Artificial Intelligence and the future it holds for the IT Industry

After decades of speculation and justifiable anxiety about the social implications for humankind, the AI (artificial intelligence) era is finally here. In the past two decades, we have seen chess grandmasters and the best jeopardy players in the world alike fall in competition to computers. The potential of Artificial Intelligence is enormous and in fact that AI could take over nearly half of all jobs in the world in the near future shows the magnanimous scope of the technology. With our lives becoming datafied, and more and more aspects of our lives and work that generate vast amounts of data, it also becomes more predictable. From SIRI to self-driving cars, artificial intelligence (AI) is progressing rapidly. While science fiction often portrays AI as robots with human-like characteristics, AI can encompass anything from Google’s search to autonomous weapons. The focuses with AI is not only on creating software that can gather knowledge, reason, learn, plan intelligently but also communicate, perceive and manipulate objects.

Not all solutions are created equal, in fact few of them really doesn’t qualify as “Artificial Intelligence” at all. For example, while analytics platforms are valuable in their own right, they cannot be classified as AI. This is largely because they are completely dependent upon human experts to make observations, test relationships between data sets, and draw conclusions. Also, predictive analytics is only good as the data it used and while it can give you useful insights, they are often compartmentalized in and of itself, an analytics platform cannot provide proactive solutions. A genuine AI on the other hand is significantly more comprehensive in both its scope and its applications. By leveraging predictive analytics AI uses machine learning to work backwards from the results, uncovering the complex issues driving a particular desired outcome. Importantly, it does so in real-time, making observations across all data inputs and adjusting its behavior with minimal need for supervision.

The general idea behind artificial intelligence is the ability for machines to think for us, whether they are projecting sales forecasts for directing a factory assembly line. However, just because a machine can “think” doesn’t mean it can do so safely. AI technology already exists in many industries, from automotive to healthcare. Machines can communicate with humans as well as each other to make decisions and follow through on processes. However, general intelligence—the ability to make complex decisions without human programming—still resides well into the future. Artificial Intelligence’s most common application is about finding patterns in enormous quantities of data. This allows companies to automate and improve complex descriptive, predictive and prescriptive analytical tasks. All the major tech companies are working on developing Artificial Intelligence solutions, ranging from Google, Facebook and Twitter and they are working hard to crack AI.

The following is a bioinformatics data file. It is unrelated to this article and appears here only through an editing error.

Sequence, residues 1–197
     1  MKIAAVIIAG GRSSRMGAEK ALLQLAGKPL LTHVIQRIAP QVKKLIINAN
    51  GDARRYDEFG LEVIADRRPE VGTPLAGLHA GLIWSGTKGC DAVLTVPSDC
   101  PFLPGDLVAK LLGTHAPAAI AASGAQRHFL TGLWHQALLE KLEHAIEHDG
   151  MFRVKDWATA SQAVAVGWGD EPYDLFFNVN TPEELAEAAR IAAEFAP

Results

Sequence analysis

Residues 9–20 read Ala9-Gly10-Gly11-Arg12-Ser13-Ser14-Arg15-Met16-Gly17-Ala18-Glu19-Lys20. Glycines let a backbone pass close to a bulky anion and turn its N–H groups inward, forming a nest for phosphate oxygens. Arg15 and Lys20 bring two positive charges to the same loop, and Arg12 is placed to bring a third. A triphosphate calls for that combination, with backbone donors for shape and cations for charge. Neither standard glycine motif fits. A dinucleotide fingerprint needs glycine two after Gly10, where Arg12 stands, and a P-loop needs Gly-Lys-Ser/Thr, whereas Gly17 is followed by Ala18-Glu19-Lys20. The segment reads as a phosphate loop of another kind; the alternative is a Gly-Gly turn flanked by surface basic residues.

As artificial intelligence becomes more prevalent across industries, from defence to aerospace, experts in the field will focus on making AI as safe and useful as possible. Artificial intelligence will eventually touch nearly every industry on the planet, but self-driving cars are among the most sought-after developments for this technology. “Deep learning” holds the secret to unlocking AI for the automotive industry. Essentially, deep learning means that a computer delves below the surface of algorithms and coding to get smarter as it collects data. Self-driving cars would require vehicles to take into consideration numerous road factors, including:

  • The location of potholes and other road hazards
  • Slight curves as well as full turns
  • Traffic lights, give way signs, no-overtaking zones, and other traffic signals and signs
  • Traffic congestion
  • Proximity to other vehicles as well as pedestrians
  • Behaviors of other motorists

Simply, we can compare deep learning to the cognitive evolution of children. Kids learn as their parents and educators correct their mistakes and provide them with guidance. Similarly, computers can learn new facts and behaviors through interaction with human beings.